Why parrotlets adopt or kill their rivals’ babies

A green-rumped parrotlet widow and her nestlings. The behavior of the nestlings—spilling out of the cavity begging for food—indicates that they aren't getting enough food. Credit: Karl Berg.

In the bustling world of green-rumped parrotlets, love and competition take center stage, sometimes leading to unexpected behaviors like caring for or even harming others’ babies.

A recent study sheds light on why these tiny South American birds exhibit such extreme actions.

Led by Professor Steven Beissinger from the University of California, Berkeley, researchers spent nearly three decades studying these feathered creatures in Venezuela.

They discovered that parrotlets engage in infanticide and adoption, driven by their quest for love and prime nesting spots.

The drama unfolds in the grasslands, where parrotlets prefer nesting in hollowed-out trees and fence posts.

To study their family dynamics, Beissinger and his team installed artificial nesting sites and began tracking individual birds using color-coded bands.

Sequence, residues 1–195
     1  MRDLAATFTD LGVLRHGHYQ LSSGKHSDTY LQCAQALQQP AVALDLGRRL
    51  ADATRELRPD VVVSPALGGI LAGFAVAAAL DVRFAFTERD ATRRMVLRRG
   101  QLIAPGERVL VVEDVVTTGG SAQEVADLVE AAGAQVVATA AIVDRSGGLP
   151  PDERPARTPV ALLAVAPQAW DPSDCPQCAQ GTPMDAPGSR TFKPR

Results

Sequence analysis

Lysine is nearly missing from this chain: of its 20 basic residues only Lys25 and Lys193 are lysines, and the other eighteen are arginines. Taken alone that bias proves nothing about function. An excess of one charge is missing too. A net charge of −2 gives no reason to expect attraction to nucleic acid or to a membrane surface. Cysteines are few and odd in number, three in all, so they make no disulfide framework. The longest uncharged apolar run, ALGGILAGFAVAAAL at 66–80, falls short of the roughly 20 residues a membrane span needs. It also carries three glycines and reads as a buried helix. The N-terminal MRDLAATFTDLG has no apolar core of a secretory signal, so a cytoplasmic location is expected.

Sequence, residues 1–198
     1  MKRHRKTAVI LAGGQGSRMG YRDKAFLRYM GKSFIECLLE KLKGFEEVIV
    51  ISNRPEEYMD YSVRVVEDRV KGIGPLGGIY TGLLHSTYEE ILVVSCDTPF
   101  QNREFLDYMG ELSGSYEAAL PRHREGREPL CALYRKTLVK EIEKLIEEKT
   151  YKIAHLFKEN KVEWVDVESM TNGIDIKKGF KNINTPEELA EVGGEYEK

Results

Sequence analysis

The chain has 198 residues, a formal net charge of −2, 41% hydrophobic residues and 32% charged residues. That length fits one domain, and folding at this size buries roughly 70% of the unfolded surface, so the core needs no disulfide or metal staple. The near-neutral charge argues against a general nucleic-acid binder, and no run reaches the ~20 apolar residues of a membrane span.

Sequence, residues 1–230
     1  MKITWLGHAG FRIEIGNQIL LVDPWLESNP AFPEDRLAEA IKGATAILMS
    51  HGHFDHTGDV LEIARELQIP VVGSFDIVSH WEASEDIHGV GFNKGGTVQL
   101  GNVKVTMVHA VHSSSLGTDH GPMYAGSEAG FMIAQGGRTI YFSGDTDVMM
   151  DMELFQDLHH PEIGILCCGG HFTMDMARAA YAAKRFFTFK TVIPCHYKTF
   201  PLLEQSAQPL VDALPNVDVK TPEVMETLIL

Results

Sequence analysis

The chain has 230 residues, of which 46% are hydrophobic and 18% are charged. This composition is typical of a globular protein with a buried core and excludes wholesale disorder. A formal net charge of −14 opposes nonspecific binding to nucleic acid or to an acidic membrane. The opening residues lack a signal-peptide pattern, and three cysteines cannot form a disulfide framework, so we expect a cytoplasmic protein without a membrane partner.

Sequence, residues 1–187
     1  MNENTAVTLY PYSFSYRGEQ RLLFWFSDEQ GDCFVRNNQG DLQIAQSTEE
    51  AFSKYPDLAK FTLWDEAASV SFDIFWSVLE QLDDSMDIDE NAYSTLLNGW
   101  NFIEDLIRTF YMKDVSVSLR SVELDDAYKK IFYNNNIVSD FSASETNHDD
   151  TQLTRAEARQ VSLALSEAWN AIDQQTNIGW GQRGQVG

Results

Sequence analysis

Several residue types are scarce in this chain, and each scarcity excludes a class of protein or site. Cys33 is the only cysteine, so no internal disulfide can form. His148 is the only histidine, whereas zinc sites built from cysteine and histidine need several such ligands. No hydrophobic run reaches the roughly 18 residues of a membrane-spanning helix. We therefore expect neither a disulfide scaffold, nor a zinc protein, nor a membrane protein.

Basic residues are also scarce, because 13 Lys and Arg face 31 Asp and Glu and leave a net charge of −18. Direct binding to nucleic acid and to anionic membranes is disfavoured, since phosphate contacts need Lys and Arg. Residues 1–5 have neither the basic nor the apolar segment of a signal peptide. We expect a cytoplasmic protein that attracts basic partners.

Infanticide, where babies are killed by rival parrotlets, often occurs during fierce competition for nesting sites.

This aggressive behavior is more common when the parrotlet population is high, and resources are scarce. Male intruders, seeking to claim territory and mates, may attack existing nests, leaving behind a trail of tragedy.

Surprisingly, some parrotlets choose a different path. When a parent dies, leaving behind offspring, a new mate may adopt these unrelated babies. This act of adoption challenges traditional views of natural selection but provides a nonviolent way to pass genes to the next generation.

Interestingly, adopting parrotlets don’t lose out on reproductive success. They still find mates and start breeding at a younger age than their rivals. For them, adoption offers both love—a new mate—and real estate—a ready-made nest site.

This study unravels the complex motivations driving parrotlet behavior, showcasing the delicate balance between love, rivalry, and survival. It underscores how competition for resources can lead to both compassion and aggression in the animal kingdom.

Funded by organizations like the National Science Foundation and the National Geographic Society, this research opens a window into the intriguing world of avian parenthood.

As we peer deeper into nature’s mysteries, we gain a deeper appreciation for the diverse strategies animals employ to thrive in a competitive world.

Source: UC Berkeley.